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Often while listening to a recording of a concert artist such as Ashkenazy, Barenboim, Horowitz, Arrau, and others, I've tried to listen to the actual tone of the concert grand and wondered what brand of piano they used for their recordings... Some our a given... Horowitz and his Steinway, along with Barenboim. There is a distinctive "Steinway D" sound... While listing to Arrau and Ashkenazy's recordings, I've tried to guess which brand they used for their recordings too... Does anyone else do this or is it just me?

BTW, while listing to one of Ashkenazy's CDs for several of his Beethoven sonatas (circa 1981), I've tried to guess if he recorded it on a Beckstein or Bosendorfer; I don't think it was a Steinway... Does anyone know by chance?

Thanks


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Hello,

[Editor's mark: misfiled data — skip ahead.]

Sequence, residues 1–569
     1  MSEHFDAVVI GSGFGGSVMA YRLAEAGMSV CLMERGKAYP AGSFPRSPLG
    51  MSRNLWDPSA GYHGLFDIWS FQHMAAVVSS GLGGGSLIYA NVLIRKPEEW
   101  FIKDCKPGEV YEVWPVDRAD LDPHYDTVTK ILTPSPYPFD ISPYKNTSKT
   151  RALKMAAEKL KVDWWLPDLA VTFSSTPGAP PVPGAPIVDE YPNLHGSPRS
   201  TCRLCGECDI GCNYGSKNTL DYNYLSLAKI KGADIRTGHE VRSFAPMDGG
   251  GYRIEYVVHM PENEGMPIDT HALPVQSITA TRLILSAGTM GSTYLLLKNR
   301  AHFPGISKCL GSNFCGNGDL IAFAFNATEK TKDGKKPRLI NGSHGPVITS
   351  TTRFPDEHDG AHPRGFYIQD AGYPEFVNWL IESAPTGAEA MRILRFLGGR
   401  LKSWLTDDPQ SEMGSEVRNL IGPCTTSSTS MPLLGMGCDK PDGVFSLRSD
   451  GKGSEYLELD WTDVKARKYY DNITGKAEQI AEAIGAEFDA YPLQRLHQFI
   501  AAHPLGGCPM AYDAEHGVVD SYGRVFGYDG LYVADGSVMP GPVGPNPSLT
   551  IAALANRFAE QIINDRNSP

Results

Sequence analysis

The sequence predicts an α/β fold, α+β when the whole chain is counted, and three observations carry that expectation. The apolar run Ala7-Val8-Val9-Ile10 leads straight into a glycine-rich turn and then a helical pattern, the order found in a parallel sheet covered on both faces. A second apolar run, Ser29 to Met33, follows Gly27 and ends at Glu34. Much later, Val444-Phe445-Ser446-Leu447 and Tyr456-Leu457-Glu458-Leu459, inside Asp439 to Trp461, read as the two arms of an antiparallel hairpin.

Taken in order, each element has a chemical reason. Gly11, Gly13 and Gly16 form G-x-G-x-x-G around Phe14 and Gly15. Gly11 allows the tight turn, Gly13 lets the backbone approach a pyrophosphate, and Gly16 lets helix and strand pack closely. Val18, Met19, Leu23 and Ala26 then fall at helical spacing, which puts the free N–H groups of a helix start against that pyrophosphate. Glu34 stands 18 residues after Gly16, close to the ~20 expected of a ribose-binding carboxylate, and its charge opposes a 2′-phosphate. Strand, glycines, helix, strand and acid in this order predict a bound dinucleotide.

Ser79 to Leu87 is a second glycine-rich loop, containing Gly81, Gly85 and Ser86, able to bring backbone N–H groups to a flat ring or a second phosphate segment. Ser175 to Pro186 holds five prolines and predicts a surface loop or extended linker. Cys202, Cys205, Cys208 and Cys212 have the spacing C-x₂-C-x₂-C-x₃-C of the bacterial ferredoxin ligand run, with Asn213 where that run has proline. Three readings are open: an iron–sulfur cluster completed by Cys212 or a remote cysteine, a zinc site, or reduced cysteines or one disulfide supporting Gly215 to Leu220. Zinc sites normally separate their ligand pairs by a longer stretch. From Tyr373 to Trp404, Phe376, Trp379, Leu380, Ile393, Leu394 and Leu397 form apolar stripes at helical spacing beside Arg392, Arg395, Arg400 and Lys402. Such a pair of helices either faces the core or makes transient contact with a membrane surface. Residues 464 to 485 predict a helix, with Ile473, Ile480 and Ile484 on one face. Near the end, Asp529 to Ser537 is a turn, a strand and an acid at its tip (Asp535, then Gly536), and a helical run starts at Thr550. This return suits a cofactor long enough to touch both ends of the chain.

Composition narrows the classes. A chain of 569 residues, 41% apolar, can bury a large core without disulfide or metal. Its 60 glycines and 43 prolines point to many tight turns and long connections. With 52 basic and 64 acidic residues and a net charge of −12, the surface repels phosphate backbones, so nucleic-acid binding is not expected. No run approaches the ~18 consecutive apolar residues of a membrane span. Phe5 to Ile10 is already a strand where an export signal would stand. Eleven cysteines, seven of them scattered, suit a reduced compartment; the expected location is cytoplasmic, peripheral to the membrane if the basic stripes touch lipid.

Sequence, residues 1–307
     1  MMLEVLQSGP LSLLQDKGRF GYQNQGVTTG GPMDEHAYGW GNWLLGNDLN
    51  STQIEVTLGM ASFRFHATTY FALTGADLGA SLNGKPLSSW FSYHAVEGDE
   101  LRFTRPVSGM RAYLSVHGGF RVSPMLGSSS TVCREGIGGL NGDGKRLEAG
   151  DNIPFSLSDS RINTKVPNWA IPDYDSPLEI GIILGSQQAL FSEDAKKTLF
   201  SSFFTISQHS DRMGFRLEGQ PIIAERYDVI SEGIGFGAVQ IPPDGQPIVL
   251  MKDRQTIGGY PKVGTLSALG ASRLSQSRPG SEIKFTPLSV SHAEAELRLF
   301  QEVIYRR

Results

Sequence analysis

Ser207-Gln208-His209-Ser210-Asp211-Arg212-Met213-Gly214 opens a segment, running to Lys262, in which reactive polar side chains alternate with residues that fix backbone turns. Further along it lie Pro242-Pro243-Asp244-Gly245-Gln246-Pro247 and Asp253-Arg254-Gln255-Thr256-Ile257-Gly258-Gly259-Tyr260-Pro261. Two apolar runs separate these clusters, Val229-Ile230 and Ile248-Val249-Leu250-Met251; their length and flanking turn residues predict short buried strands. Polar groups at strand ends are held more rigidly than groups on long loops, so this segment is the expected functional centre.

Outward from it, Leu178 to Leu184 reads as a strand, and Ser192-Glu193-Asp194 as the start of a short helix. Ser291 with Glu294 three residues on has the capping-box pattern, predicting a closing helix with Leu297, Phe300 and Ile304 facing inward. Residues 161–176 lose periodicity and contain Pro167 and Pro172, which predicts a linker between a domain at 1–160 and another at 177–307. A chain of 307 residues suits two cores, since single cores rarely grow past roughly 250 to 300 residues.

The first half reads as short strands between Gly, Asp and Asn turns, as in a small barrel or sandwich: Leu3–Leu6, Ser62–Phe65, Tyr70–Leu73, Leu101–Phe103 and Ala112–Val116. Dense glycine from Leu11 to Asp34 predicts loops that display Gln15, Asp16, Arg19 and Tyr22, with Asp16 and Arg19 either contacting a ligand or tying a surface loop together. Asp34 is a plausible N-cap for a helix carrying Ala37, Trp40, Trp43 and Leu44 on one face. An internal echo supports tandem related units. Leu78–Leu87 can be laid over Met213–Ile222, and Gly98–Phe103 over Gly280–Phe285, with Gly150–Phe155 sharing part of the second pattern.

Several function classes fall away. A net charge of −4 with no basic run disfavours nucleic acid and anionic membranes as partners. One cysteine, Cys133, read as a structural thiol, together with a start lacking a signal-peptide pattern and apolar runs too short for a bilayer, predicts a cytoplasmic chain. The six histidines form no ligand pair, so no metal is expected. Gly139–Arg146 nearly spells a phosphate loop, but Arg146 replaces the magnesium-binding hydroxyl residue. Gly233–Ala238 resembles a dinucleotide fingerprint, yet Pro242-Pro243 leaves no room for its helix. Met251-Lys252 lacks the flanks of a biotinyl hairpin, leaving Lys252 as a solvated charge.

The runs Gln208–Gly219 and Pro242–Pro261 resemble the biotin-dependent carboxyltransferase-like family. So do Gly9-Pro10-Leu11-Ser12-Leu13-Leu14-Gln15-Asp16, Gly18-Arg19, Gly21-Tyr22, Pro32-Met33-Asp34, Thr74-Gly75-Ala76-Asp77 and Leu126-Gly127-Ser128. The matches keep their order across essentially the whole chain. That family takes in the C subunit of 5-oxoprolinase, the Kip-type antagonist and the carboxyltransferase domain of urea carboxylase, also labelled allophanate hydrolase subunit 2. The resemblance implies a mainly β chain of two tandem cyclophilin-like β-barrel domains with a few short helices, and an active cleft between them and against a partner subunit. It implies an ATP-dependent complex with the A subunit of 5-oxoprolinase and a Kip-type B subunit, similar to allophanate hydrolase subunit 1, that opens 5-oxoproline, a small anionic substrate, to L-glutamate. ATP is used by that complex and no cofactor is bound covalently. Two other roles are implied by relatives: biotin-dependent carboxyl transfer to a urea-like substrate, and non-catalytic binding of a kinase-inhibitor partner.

I'm thinking it would be fun to try and guess what kind of piano an artist is playing on a recording, but it would be very difficult, it seems to me. I've found that although some piano brands have a distinctive "tone" specific to that brand, a lot of things can change when recorded.

I do, however, think that I have the ability to distinguish the difference between a real acoustic piano and a digital piano in any recording. (At least before my hearing injury)

All the best,

Rick


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You can hear the Baldwin sound in Earl Wild's recordings, until he had to switch to S. Kawai.

https://m.youtube.com/watch?v=yGsiFNStczQ

I think Alfred Brendel has done Schubert on Bosie.



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I agree with Rick here. It's helpful to remember that you aren't listening to a piano, you are listening to a recording of a piano, which goes through different amounts of audio processing, with the goal of producing the ideal sound the performer and producer are looking for. A recording will never capture the power and majesty of a great piano. You just have to be there for that.

It can be fun to guess what type of piano it is, but really, they are almost all Steinways. More interesting would be if there were more parity in the market, and you really had to try to figure out if that was C. Bechstein or a Shigeru Kawai on that album of Mendelssohn's Songs Without Words.